In this program, the intersections between science, culture, museums and architecture are explored. Students will learn about the historical context in which scientific knowledge of earthquakes was formulated. By engaging in different ways that earthquakes are recorded, in objects, artworks and oral traditions, students are encouraged to think about the significance of cultural and artistic interpretations of earthquakes. Students will have the chance to investigate some seismic and engineering concepts through small-scale hands-on demonstrations. A visit to see MOA conservators in action, will give students insights into the efforts and responsibilities of conserving culturally significant objects. Students will be asked to consider intersecting ways of knowing by drawing on cultural stories, scientific understandings and museum practices while also thinking about earthquake preparedness.

City: 
Duration: 
90
For Grades: 
9, 10, 11, 12
Months Available: 
Days Offered: 
Times Offered: 
Maximum Students: 
Offered In French:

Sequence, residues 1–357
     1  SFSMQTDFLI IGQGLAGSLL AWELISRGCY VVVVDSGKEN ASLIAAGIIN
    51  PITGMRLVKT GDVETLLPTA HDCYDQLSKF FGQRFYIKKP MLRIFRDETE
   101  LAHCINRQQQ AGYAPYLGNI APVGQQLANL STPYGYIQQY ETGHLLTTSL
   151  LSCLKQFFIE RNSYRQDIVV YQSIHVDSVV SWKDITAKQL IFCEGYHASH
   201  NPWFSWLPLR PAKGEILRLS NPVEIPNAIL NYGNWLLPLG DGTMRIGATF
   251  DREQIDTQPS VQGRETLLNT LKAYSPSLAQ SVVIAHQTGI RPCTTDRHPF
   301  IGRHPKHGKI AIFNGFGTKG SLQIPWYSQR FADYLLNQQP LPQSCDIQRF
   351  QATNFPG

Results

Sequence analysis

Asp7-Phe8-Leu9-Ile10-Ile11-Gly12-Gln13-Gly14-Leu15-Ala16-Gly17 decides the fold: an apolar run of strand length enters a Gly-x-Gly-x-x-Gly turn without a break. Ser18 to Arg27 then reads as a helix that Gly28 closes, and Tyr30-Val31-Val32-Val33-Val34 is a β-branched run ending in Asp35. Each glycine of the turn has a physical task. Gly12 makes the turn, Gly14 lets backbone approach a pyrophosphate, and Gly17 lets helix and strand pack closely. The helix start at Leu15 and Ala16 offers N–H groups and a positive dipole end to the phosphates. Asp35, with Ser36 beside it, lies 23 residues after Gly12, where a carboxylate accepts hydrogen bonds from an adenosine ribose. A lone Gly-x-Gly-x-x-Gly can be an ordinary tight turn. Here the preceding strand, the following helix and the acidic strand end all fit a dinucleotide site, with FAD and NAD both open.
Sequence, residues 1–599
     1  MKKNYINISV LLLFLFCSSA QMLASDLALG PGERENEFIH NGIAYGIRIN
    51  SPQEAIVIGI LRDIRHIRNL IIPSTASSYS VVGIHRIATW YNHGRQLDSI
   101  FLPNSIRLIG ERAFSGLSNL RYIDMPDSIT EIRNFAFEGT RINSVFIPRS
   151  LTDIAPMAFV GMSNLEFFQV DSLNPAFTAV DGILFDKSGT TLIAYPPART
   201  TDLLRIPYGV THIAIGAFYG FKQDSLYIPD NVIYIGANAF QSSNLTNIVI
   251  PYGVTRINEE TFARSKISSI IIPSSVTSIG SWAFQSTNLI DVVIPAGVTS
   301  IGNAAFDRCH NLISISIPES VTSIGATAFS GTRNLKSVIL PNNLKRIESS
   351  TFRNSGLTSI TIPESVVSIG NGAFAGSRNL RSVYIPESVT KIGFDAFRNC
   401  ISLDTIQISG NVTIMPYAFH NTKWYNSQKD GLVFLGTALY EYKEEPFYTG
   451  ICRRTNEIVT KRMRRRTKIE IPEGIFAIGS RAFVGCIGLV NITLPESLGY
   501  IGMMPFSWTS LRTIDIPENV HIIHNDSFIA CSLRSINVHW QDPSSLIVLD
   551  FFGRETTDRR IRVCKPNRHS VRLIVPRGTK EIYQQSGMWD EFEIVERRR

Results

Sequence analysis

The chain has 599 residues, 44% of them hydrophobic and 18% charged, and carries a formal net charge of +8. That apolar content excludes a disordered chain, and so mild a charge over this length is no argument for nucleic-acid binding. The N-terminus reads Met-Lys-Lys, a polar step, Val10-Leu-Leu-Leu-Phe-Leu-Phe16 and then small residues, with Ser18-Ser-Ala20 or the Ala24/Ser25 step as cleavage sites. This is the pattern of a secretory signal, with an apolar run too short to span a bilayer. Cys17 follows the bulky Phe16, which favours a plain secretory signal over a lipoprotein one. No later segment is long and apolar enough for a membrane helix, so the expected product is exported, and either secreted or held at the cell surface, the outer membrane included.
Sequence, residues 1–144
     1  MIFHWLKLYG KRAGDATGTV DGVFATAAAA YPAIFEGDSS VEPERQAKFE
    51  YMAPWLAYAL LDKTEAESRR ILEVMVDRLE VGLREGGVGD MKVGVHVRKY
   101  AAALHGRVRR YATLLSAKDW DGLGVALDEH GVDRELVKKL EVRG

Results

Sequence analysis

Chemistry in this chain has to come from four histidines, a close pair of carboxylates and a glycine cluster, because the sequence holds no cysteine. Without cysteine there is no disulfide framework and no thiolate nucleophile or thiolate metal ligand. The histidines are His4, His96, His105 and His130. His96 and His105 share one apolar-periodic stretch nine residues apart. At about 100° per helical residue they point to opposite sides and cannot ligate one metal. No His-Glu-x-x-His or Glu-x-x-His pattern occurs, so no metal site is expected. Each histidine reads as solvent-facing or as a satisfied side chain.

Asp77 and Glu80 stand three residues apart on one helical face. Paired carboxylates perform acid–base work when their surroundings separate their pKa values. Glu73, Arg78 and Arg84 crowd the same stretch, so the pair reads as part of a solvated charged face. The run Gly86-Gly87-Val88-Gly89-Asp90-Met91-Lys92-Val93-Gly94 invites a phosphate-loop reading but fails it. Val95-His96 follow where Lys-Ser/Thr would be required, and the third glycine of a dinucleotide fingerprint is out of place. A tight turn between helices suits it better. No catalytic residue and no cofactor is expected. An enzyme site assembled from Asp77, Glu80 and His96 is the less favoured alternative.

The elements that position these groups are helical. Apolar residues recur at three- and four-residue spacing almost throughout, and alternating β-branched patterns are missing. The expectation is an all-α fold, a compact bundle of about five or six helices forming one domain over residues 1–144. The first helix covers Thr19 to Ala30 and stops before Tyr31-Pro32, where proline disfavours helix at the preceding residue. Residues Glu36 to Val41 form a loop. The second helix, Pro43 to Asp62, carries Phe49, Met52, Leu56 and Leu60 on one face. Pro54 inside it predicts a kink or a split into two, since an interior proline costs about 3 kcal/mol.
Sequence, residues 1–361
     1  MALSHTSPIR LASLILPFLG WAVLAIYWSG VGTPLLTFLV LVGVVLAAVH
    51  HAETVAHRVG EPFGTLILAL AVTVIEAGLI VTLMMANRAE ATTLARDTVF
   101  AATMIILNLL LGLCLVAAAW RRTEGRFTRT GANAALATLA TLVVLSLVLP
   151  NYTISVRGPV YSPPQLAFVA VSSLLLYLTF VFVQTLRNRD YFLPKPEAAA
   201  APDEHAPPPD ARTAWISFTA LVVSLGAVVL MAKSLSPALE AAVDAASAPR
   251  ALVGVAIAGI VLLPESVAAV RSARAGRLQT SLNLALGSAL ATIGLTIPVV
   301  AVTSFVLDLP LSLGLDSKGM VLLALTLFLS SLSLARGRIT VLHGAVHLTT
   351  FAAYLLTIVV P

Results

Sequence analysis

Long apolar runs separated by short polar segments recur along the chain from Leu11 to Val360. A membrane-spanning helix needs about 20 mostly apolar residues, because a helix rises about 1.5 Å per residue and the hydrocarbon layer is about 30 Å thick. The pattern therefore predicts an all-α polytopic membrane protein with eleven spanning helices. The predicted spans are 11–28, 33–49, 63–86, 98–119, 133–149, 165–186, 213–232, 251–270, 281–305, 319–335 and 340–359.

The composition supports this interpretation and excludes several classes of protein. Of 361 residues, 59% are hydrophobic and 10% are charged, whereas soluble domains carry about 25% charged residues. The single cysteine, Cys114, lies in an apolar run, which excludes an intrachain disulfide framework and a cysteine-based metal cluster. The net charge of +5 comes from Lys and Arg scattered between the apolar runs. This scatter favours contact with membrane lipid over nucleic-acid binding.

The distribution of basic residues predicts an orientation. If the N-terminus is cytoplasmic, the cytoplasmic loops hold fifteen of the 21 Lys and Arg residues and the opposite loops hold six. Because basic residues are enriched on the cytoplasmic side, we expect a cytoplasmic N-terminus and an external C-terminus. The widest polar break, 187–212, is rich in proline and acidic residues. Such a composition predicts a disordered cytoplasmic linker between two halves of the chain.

No
Program Description & Details

In this program, students encounter examples of historical and contemporary Northwest Coast First Nations paintings and are introduced to the innovative Image Recovery Project. Using infrared technology, and raking light to reveal images under dirt or ash, historical painted images are recovered from bentwood boxes, house fronts and other cedar sculptures and objects. The recovery of these images allows First Nations artists and researchers to see the uniqueness and beauty of historical Northwest Coast paintings. A visual presentation paired with a walking tour through the museum galleries highlights the both new and old objects that have extraordinary painted designs. Contemporary bentwood boxes recreated from the infrared photographs of historic boxes are used in a tracing and sketching activity to encourage students to look closely, and appreciate the artists design skills.

City: 
Duration: 
90